Currently Labre House is allowed to open between November and March and earlier this year, the Council successfully applied for temporary permission to keep the Centre open.

Since then the Council has submitted a planning application to make Labre House a permanent facility for rough sleepers for the next 15 months.

A report to the City Councilís planning committee says Labre House complements existing council services that help rough sleepers into settled accommodation. It adds that Labre House also:- "... provides another opportunity for intensive work with rough sleepers to bring them indoors permanently and reduce rough sleeping in the City overall."

The report continues that Ward Councillors and Council Officers have spoken with local residents and businesses to explain the plans for Labre House. As part of the proposal the number of staff at the Centre would be increased and they would be on site earlier to make sure people using the facility could get in quickly.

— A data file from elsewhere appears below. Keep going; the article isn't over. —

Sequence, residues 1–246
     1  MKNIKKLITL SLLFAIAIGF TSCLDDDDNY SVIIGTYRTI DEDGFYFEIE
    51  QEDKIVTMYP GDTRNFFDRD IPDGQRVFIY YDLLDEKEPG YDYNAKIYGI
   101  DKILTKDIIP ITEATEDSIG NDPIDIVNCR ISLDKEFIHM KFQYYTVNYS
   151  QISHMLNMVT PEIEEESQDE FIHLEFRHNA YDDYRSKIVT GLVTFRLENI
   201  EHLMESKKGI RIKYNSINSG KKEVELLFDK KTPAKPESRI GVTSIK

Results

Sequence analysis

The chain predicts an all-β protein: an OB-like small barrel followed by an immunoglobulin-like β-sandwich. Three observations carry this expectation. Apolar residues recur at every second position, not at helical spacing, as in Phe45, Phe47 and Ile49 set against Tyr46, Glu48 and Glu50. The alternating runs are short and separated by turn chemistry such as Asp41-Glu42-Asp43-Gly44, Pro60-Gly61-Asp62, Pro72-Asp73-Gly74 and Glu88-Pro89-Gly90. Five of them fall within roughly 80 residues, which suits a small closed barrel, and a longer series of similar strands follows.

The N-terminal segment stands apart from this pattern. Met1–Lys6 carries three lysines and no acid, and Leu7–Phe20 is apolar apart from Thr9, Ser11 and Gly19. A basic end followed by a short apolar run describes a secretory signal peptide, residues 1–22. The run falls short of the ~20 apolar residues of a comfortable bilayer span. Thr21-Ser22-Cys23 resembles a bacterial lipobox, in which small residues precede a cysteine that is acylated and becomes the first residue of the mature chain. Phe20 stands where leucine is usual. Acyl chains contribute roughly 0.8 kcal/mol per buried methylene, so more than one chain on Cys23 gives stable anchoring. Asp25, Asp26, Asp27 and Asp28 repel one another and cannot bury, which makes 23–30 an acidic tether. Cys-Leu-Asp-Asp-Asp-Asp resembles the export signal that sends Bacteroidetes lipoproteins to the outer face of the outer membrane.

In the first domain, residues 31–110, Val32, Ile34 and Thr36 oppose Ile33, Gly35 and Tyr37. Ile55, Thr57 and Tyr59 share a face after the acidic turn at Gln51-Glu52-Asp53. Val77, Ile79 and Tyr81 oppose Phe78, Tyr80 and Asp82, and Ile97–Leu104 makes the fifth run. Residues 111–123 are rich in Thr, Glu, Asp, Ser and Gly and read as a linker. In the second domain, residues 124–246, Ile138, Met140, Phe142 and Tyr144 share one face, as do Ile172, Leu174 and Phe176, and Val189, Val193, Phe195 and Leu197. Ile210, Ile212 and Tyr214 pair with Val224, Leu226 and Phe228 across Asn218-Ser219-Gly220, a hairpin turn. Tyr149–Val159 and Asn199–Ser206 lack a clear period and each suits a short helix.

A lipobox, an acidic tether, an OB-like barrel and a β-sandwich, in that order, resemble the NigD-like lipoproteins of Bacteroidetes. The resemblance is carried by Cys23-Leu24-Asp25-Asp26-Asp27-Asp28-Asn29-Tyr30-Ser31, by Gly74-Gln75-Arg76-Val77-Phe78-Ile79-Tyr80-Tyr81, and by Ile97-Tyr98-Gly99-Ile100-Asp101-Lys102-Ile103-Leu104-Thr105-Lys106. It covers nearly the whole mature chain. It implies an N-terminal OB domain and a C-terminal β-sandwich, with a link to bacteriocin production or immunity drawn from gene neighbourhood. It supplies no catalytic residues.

The report also says that street lighting and CCTV coverage around Labre House has been improved and that staff at the Centre will work with the Council to ensure that street cleaning and rubbish removal takes place. Anyone using Labre House is assessed to make sure they get the level of support they need.

The report explains that the premises would not operate solely as an overnight shelter, but would also provide links to educational and health services. It adds that Labre House would:- "... provide a similar service to a day Centre in that food would be provided and each rough sleeper would have their needs assessed while staying warm."

Liverpool City Councilís Deputy Mayor and Cabinet Member for Housing, Cllr Lynnie Hinnigan, said:- "When Labre House was opened over the winter it immediately became a lifeline for people in dire need of help. The Council sent out the message that no 1 needs to sleep on the streets in Liverpool and that there was room inside for anyone who wants it. Solving this Cityís rough sleeping problem is not just about providing people with a place to stay. Itís about giving them the support they need to find a route out of rough sleeping. We donít just want to bring people off our streets, we want to help them transform their lives. The plans for Labre House are the next step in this process."

Liverpool City Councilís Planning Committee considering the application for Labre House at its meeting, on Tuesday, 19 June 2018.